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It feels like yesterday that Frank Frankovsky, vice president of Hardware Design at Facebook and chairman of the Open Compute Project (OCP), sent me a Facebook message  - how fitting – about a budding open hardware project that he was working on. At Rackspace, we immediately jumped at the chance to be among the first companies to join the community, as we believed Open Compute was poised to flip the hardware model much like we did with cloud software when we founded OpenStack.
The mood in San Jose vacillated between quiet and congratulatory as participants in the fifth Open Compute Summit shared both their plans and their successes in front of a crowd of 3,800 registered attendees, up 90 percent from the 2,000 who registered last year.
The Open Compute Project (OCP) this week established North America’s first Open Compute Certification and Solution Laboratory at the University of Texas at San Antonio (UTSA).
With a mission-based focus on scientific research, universities and research institutes have long been at the forefront of technology innovation that embraces open standards and ease of collaboration. By nature, the academy well understands that when hundreds of researchers contribute to a shared purpose and solve a shared problem in open and transparent ways, everyone benefits. The pace of innovation is accelerated and the diversity of solutions and approaches ensures that good solutions persist and not so good ones are quickly identified. Some might argue that the relative success of open-sourced platforms suggests that proprietary technologies often preclude necessary innovation. The growth of cloud has further challenged both researchers and industry. The scale economies of cloud-based solutions brings with it attendant challenges for the research community – beginning with the question of how to scale a conversation that brings both sides of an open community together to ensure that the full benefits of the cloud can be realized.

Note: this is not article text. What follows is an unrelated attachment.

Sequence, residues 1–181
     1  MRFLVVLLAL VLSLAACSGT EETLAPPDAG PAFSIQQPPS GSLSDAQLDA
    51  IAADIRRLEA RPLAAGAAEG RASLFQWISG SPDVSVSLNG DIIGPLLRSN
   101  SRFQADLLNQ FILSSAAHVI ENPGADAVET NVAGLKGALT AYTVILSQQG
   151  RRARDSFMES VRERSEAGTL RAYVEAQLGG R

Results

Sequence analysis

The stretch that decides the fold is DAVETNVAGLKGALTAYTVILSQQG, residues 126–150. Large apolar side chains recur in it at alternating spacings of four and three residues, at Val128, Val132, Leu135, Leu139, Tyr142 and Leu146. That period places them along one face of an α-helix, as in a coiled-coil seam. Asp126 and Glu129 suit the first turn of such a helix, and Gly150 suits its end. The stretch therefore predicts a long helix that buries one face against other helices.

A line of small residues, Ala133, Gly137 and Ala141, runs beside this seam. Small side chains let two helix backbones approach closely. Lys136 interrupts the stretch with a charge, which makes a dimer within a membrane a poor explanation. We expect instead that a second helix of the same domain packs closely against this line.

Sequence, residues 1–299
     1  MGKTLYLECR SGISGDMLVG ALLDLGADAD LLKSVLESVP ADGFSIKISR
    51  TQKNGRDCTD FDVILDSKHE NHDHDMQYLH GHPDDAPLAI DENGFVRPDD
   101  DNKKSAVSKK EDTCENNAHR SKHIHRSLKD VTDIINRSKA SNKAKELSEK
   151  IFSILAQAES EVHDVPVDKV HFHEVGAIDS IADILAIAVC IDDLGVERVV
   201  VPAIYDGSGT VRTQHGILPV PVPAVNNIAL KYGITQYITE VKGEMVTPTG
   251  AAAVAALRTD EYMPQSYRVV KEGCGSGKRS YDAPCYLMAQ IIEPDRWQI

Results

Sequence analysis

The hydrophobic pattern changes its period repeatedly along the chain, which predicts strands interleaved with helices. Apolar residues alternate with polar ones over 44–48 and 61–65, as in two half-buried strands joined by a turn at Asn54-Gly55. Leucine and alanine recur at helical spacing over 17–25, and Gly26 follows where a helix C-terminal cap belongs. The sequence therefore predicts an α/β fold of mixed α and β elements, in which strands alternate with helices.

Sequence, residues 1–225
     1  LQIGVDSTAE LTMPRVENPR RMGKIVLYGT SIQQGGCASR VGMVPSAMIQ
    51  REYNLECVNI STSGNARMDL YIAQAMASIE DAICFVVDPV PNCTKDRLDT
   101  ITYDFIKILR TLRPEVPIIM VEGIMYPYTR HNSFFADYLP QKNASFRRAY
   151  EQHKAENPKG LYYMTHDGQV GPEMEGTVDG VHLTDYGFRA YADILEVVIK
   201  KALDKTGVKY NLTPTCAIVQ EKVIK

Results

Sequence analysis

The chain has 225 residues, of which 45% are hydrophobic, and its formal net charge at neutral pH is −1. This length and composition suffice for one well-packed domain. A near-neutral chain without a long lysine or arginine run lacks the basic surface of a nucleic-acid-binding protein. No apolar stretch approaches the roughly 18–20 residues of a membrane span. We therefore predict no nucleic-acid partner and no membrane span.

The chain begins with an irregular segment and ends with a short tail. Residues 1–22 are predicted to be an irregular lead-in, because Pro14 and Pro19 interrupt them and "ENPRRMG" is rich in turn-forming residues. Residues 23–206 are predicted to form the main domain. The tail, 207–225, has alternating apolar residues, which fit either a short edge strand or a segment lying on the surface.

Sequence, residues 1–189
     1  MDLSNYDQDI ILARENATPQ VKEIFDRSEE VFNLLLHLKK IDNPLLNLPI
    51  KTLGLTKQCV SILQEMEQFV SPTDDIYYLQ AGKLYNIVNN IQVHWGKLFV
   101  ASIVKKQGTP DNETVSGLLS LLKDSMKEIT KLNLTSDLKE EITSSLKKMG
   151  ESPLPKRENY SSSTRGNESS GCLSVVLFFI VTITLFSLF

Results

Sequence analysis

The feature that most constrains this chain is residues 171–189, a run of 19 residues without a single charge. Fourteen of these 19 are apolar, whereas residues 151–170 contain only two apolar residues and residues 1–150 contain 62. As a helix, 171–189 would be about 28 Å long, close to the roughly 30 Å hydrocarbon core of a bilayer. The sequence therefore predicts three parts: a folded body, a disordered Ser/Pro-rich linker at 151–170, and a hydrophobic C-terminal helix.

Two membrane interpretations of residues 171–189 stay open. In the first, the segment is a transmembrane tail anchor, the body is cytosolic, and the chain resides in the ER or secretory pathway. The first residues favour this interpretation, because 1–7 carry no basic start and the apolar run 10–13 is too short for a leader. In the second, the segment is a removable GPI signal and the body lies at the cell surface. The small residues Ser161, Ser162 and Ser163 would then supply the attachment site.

With OpenStack, we already have the open source software to run your data center. Now, we’re building the open source hardware to run it on. The Open Compute Project is a collaborative community of designers, consumers and innovators focused on building more efficient servers, storage and data center hardware designs for scalable computing at a lower cost.
Great things happen over drinks – big ideas are hatched and celebrations are had. But it’s not always easy to get everyone together to say “cheers.”
When Open Compute Foundation’s COO Cole Crawford gave a presentation at the OpenStack Summit in San Diego six months ago, he asked how many people in the audience had heard of his project. Only three hands went up. Fast forward, six months later, in Portland, he asked the same question and most people raised their hands. Like OpenStack itself, Open Compute is gaining interest.
Academic and scientific research often involves the construction of mathematical and numerical models to solve scientific and engineering problems. Traditionally, these complex and intensive computational models have been implemented on super computers or high-performance computing (HPC) infrastructure.  These models are difficult to setup and operate, and can create a painful experience for researchers who often have to wait in a long line to use their university’s super computing infrastructure, whether it’s for a few hours or a few days.
One device getting a lot of buzz at SXSW Interactive is the Leap Motion Controller, which allows you to control your computer with hand motions in mid-air. We first caught sight of the controller over the weekend at Drone Games, when one team used it to control their quadcopter drone with up, down and tilting hand motions. Today we ventured over to Leap’s demo tent near the Austin Convention Center. Since the device doesn’t hit stores until May, SXSW has become its public debut.
When we joined the Open Compute Project as a founding member nearly two years ago, we made the promise to work closely with partners to deliver data center solutions built on open standards.
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